The books of the Hebrew Bible are arranged as follows:
The Torah or Law: Genesis, Exodus, Leviticus, Numbers, Deuteronomy.
The Former Prophets: Joshua, Judges, Samuel, Kings.
The Latter Prophets: Isaiah, Jeremiah, Ezekiel, the Twelve (i.e., the ‘minor prophets’ from Hosea to Malachi)
The Writings: these are not in the same order in all editions of the Hebrew Bible, but they always begin with the Psalms, followed by Job and Proverbs in either order; then come the ‘five Megilloth (scrolls)’ in various orders: Ruth, Song of Songs, Ecclesiastes or Qoheleth, Lamentations, Esther; then Daniel, Ezra-Nehemiah, and Chronicles.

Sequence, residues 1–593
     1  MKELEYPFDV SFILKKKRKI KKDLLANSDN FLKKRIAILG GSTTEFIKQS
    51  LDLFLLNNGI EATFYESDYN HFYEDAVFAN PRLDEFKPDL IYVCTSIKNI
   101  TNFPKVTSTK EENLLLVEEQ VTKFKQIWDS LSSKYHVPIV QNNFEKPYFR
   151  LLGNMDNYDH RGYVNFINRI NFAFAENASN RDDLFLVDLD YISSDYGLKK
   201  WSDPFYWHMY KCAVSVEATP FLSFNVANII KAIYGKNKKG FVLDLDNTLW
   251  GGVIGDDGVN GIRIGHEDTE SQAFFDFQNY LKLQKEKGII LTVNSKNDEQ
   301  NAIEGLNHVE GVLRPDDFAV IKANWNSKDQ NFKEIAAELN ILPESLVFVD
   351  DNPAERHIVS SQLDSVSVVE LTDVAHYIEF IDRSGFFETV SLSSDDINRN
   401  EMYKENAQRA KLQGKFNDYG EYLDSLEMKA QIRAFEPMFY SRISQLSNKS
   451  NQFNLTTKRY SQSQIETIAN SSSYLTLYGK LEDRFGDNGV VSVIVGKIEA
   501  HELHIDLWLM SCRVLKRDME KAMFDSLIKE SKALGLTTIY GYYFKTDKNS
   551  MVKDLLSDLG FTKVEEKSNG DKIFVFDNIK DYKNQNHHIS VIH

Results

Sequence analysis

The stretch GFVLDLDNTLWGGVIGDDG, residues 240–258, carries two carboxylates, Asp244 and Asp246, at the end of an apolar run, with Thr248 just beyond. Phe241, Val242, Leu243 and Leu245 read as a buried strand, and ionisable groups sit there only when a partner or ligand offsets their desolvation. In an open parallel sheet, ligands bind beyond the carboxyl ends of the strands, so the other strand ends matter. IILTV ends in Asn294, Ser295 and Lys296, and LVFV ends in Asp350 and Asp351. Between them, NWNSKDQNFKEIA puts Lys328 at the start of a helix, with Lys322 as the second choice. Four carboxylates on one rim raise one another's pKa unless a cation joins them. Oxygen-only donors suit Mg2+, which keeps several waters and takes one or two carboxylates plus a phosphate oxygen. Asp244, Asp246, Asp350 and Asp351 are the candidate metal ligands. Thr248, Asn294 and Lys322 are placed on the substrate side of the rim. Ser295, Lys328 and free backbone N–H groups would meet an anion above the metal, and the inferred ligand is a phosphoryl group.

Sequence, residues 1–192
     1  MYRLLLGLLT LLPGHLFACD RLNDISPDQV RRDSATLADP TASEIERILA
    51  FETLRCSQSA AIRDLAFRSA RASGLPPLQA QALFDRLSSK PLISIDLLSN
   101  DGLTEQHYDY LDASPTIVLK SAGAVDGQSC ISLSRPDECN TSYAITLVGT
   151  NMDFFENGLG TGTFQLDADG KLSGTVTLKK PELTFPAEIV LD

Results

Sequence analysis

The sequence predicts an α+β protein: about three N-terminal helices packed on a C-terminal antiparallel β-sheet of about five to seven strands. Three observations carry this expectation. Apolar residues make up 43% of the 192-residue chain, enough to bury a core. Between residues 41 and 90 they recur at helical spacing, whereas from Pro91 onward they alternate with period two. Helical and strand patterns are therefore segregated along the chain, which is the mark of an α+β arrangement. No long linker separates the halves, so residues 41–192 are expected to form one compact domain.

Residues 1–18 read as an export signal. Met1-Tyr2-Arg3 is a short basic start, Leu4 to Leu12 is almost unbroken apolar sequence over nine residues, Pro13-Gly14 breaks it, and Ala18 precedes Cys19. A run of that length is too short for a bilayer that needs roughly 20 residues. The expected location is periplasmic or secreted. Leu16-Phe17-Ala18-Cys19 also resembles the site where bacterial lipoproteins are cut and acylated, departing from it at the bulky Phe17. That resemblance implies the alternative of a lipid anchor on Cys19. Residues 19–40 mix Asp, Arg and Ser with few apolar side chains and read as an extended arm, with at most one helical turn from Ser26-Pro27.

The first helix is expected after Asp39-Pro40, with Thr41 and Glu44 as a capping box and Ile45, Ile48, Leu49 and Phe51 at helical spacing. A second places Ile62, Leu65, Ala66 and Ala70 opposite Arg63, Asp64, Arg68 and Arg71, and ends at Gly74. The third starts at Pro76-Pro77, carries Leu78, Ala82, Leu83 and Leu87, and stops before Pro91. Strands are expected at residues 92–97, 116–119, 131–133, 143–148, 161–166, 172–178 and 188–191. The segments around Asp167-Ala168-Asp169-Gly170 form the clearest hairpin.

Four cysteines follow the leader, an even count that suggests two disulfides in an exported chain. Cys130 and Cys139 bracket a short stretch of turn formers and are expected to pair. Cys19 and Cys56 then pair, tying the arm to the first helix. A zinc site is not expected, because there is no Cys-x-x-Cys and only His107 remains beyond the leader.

Many scholars use the term ‘Hebrew Bible’ in place of ‘Old Testament’ because biblical scholarship is an enterprise shared by Christians and Jews, and ‘Old Testament’ is a specifically Christian term which goes with ‘New Testament,’ and may be held to imply that the New Testament supersedes the Old. Jewish scholars often simply call it the Bible. But strictly speaking ‘Hebrew Bible’ and ‘Old Testament’ do not mean the same thing, because particularly for Catholic and Orthodox Christians the Old Testament includes books that are not part of the Hebrew Bible, which Protestants call the Apocrypha and Catholics the deuterocanonical books.